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- HSS-ID.B.5Summarize categorical data for two categories in two-way frequency tables. Interpret relative frequencies in the context of the data (including joint, marginal, and conditional relative frequencies). Recognize possible associations and trends in the data.
- HSS-ID.B.6Represent data on two quantitative variables on a scatter plot, and describe how the variables are related.*

Got Ups? A Statistics Unit Task

Algebra I

Â» Unit:

Modeling With Statistics

Big Idea:Students are able to demonstrate all that they have learned throughout the statistics unit in this open-ended performance task.

Where Does My Stuff Come From? Part 4

12th Grade Math

Â» Unit:

Statistics: Bivariate Data

Big Idea:Digging in world trade data opens up all sorts of opportunities to discuss some big ideas - and some big numbers - with students.

Bivariate Data, Background Knowledge, and the Beginning of the Stuff Project

12th Grade Math

Â» Unit:

Statistics: Bivariate Data

Big Idea:All parts of today's lesson involve the analysis, discussion, and collection of real data from inside and outside the walls of this classroom.

Creating Two-Way Tables

Algebra I

Â» Unit:

Modeling With Statistics

Big Idea:Students collect qualitative data in real-time, construct and analyze a two-way table, then make a generalization to a larger population.

What's this table saying?

Algebra I

Â» Unit:

Modeling With Statistics

Big Idea:In this lesson students make conjectures about the meaning of a two-way frequency table, test their conjectures, and support their findings mathematically.

Our City Statistics Project and Assessment

Algebra I

Â» Unit:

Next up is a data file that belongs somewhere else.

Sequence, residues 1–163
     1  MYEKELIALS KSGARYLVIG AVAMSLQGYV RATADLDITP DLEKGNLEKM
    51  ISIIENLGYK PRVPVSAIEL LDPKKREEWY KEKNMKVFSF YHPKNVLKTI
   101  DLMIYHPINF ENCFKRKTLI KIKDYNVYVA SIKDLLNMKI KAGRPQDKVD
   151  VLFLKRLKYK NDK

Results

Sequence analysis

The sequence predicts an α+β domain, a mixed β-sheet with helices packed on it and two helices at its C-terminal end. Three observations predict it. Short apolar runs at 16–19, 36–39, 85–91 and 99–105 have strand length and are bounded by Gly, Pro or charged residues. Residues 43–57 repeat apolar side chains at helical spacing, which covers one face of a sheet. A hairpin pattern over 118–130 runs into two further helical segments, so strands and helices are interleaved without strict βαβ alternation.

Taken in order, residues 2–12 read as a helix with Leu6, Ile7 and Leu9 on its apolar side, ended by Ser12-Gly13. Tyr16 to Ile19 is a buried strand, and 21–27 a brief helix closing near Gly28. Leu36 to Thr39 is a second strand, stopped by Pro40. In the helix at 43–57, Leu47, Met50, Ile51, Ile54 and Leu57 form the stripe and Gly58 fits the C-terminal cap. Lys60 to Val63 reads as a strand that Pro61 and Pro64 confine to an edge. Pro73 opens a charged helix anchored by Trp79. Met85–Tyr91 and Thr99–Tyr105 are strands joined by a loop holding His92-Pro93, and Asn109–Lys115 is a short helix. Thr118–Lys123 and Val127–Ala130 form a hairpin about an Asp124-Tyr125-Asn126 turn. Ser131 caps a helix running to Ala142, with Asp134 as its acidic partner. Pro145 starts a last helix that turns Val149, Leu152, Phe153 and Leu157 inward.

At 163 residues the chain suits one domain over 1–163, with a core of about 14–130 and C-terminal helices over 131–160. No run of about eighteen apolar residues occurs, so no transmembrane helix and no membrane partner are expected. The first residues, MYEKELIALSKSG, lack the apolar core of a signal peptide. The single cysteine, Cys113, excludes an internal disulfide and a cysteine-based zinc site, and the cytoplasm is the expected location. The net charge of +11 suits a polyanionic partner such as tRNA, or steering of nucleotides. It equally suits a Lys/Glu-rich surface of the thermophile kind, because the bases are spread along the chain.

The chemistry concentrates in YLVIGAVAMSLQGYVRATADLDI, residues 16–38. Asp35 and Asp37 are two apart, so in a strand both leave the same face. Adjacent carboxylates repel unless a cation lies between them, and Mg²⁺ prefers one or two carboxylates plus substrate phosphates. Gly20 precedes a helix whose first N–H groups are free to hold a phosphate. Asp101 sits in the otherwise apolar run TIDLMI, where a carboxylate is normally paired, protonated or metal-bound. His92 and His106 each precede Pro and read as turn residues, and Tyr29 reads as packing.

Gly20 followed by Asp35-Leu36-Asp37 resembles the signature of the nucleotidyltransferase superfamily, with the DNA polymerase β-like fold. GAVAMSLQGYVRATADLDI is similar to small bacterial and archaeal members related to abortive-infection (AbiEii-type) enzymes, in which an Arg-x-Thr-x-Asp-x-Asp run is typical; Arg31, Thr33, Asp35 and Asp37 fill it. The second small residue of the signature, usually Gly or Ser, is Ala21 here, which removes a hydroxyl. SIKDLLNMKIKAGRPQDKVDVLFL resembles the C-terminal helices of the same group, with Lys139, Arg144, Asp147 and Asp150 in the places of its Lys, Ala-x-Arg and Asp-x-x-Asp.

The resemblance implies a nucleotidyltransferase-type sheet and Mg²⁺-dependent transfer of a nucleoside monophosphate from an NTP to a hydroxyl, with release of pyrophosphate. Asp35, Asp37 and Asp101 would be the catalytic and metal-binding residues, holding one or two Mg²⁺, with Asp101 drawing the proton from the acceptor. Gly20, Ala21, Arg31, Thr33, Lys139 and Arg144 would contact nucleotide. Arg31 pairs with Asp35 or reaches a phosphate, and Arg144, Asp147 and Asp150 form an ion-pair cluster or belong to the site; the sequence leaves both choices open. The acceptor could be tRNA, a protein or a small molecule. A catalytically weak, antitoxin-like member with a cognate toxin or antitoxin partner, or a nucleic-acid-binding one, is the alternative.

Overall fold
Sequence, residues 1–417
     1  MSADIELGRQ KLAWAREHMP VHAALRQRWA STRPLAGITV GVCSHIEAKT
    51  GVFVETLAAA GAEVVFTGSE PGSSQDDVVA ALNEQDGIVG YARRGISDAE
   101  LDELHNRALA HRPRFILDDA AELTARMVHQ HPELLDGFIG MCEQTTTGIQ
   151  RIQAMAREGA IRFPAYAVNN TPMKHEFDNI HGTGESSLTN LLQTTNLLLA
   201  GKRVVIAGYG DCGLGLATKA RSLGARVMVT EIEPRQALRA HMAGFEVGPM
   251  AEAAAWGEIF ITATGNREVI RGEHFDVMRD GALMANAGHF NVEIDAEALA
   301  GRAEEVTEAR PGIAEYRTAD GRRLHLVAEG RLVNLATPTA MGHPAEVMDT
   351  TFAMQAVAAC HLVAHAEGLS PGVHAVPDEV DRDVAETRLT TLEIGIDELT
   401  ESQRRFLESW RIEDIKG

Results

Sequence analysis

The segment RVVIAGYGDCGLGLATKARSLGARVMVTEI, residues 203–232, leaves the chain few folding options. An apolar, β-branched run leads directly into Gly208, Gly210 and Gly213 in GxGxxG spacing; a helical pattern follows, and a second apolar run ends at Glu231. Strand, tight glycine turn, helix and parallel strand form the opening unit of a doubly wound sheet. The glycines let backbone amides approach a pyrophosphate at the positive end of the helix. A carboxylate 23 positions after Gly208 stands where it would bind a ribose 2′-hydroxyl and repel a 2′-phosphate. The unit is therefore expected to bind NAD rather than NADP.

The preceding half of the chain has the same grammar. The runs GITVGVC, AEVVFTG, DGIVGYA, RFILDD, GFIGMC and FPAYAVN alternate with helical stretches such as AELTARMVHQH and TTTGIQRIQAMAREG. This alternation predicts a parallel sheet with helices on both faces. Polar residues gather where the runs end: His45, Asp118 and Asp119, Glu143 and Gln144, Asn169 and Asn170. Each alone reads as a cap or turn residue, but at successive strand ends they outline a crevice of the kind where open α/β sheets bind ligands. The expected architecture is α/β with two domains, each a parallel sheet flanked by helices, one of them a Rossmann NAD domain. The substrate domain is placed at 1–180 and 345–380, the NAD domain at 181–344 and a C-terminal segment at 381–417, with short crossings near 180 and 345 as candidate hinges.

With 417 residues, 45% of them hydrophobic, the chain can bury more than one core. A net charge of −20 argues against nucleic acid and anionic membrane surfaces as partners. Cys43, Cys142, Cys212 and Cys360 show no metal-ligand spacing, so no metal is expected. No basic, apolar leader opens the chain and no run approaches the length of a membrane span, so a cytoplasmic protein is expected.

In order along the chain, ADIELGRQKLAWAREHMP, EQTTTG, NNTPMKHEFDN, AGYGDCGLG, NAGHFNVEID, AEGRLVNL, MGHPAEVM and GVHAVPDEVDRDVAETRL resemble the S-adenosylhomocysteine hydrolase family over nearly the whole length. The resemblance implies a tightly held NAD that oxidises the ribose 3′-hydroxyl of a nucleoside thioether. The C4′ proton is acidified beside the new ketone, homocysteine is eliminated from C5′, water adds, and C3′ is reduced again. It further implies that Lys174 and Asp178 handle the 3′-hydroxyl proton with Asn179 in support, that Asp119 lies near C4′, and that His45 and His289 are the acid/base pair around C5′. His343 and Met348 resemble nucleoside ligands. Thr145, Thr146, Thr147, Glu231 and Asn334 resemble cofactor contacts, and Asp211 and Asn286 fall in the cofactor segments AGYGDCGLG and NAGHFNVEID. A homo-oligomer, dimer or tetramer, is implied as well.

Our City Statistics: Who We Are and Where We are Going

Big Idea:Students demonstrate interpersonal and data literacy skills as use statistics to learn about their community.

More with Conditional, Joint, and Marginal Frequencies

Algebra I

Â» Unit:

Modeling With Statistics

Big Idea:Students love to talk about what they like and donât like. This lesson harnesses that interest and challenges students to organize data into a graphical display.

What's the Frequency Kenneth? Summarizing Data with Frequency Tables

Algebra I

Â» Unit:

Our City Statistics: Who We Are and Where We are Going

Big Idea:Students will answer REMâs question by creating and interpreting frequency tables as another tool to organize and understand data!

Where Does My Stuff Come From? Part 2: Organizing Data

Algebra I

Â» Unit:

Statistics

Big Idea:What are some differences between summarizing quantitative data and summarizing qualitative data?

Where Does My Stuff Come From? Part 3: Two Way Frequency Tables

Algebra I

Â» Unit:

Statistics

Big Idea:Sometimes, we have to get our hands dirty if we want to learn to use a new tool. Today, students dig into their data in order to come up with a neat two-way frequency table.

Where Does My Stuff Come From? Part 4: U.S. Trade Data

Algebra I

Â» Unit:

Statistics

Big Idea:Big numbers open students up to the bigness of the world.

Where Does My Stuff Come From? Part 5

Algebra I

Â» Unit:

Statistics

Big Idea:By working with percentages and very large amounts of money, students are also able to construct their own understanding of significant digits.

Where Does My Stuff Come From? Part 2

12th Grade Math

Â» Unit:

Statistics: Bivariate Data

Big Idea:We build a class-sized data set that begins to help us answer the question: where does our stuff come from?

Where Does My Stuff Come From? Part 3

12th Grade Math

Â» Unit:

Statistics: Bivariate Data

Big Idea:Sometimes we can analyze patterns by examining the relationships between quantities. Other times, a world map infographic might serve the same purpose. So what happens when we do both?

HSS-ID.B.5

Summarize categorical data for two categories in two-way frequency tables. Interpret relative frequencies in the context of the data (including joint, marginal, and conditional relative frequencies). Recognize possible associations and trends in the data.

HSS-ID.B.6

Represent data on two quantitative variables on a scatter plot, and describe how the variables are related.*